Inner culture, inter culture, outer culture: I would like to explore the deeper meaning of this interconnected triad in order to gain some new insights into culture and its management.
What is inner culture? Most interculturalists might answer this question by saying that it covers culture one, the refinement of the human heart and mind through the arts and sciences as well as culture two, i.e. the collective programming of the mind, mental programmes or mental software.
To me this type of understanding amounts to a merely horizontal perception of culture and more specifically inner culture because it does not seem to fully account for the mechanisms of the mind that operate behind the perception and the processing of culture. And therefore I would like to introduce a vertical dimension that also deals with the levels of perception of culture. The two together provide a more complete picture of what the term inner culture may mean. So, inner culture refers to an art and science of perception, of creative perception and processing of culture – which impact the perception of cultural diversity as well as its interrelated processes and outcomes. This expanded contextualization of culture leads to enhanced management options and capabilities.
From this reflection a number of models will emerge which locate culture and its various aspects contained in the threefold expression in an expanded micro-macrocosmic continuum (this term refers to the totality of the culture phenomenon) which includes the manager and the managed and where the processing and managing of culture can become less complex as well as more effective, because complexity is meaningfully structured under a new integrative roof of the human constitution. Let me simplify: As one ascends a mountain or as maybe astronauts and cosmonauts are marveling at the wonders of the blue planet which they have never been aware of before this premiere of viewing the earth from this new optical outer space perspective, so can the various optics of culture in the human mind and consciousness, i.e. the inner culture provide new vistas and insights hitherto ignored and which may henceforth be fed into the way of how one interrelates culturally.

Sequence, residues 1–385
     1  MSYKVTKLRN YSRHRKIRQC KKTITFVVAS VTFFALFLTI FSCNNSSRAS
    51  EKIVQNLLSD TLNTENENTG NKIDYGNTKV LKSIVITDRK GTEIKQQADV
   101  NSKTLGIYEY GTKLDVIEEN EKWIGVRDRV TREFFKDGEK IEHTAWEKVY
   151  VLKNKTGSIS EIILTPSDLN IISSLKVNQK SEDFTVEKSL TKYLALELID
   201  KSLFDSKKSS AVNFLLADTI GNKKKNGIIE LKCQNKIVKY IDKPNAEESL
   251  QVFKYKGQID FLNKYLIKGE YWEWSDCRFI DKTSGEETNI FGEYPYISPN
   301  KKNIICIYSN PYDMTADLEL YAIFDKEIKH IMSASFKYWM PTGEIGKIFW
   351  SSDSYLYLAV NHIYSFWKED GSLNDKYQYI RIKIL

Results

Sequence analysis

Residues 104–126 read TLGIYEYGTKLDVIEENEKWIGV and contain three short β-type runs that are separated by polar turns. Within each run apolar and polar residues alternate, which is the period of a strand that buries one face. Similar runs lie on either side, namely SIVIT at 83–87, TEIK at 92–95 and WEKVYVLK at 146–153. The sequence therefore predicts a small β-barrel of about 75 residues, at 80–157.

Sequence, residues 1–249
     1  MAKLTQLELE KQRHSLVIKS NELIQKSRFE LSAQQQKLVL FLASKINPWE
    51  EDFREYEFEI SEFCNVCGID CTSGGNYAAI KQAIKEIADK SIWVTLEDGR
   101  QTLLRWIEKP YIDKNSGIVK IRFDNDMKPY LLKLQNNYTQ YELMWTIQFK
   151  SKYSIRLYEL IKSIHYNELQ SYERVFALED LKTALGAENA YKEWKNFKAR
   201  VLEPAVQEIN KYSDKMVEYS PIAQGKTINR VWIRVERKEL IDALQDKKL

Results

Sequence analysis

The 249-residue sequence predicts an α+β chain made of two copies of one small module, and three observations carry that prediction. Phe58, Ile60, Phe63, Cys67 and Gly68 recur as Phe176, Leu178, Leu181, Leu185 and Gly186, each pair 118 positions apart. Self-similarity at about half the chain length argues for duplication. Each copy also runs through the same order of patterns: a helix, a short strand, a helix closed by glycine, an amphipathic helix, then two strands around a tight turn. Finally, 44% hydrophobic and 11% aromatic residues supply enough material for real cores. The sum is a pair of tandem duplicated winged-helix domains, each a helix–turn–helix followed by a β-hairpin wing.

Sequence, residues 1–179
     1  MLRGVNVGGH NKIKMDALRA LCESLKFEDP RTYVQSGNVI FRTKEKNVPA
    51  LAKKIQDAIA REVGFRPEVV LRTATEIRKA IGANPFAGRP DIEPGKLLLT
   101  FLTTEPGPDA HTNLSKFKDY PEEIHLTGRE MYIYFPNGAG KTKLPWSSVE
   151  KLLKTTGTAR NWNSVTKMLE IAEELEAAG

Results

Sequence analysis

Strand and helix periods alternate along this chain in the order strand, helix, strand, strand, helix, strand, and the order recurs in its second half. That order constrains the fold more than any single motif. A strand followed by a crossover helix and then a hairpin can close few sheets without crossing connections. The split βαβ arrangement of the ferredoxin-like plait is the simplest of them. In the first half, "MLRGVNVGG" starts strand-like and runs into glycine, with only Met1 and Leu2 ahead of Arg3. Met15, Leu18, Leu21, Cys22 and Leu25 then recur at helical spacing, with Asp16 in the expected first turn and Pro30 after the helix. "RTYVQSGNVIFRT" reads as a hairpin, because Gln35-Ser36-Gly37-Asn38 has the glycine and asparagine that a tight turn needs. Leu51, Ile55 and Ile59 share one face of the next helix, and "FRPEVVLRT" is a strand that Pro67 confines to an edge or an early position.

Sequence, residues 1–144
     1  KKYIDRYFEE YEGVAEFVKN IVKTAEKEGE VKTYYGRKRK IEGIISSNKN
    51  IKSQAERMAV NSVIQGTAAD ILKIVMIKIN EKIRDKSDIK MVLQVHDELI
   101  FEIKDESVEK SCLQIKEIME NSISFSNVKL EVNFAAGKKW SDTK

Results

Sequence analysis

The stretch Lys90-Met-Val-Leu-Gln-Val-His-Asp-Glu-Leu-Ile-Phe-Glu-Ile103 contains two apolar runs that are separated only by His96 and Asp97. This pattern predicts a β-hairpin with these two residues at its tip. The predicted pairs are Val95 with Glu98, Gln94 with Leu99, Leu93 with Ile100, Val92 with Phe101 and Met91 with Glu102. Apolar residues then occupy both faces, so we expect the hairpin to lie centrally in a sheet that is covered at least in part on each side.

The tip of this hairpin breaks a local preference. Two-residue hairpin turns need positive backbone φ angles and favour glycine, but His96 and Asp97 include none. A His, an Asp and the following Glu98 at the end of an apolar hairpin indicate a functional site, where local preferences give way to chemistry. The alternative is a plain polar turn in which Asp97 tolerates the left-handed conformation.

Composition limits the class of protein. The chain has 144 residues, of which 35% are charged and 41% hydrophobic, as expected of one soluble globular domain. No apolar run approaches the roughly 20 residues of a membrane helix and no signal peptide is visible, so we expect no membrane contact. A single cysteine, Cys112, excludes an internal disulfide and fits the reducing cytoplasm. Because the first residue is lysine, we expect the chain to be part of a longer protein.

It also covers what I have referred to as quantum cultural optic which provides radically different but complementary perceptions of culture such as an atomistic perception of the world of culture or a holistic perception of culture. In analogy to the quantum cultural paradigm, in particular to Niels Bohr’s complementarity principle - as well as Heisenberg’s uncertainty principle, while both are used as metaphors in the world of culture - one can view the cultural universe as consisting of n particles of specific cultures or one can look at it as a continuous ocean of waves. One can look at a specific culture and then contextualize that specific culture within the unified field of human civilization. So, one can either emphasize the more static, specific or the dynamic in its totality.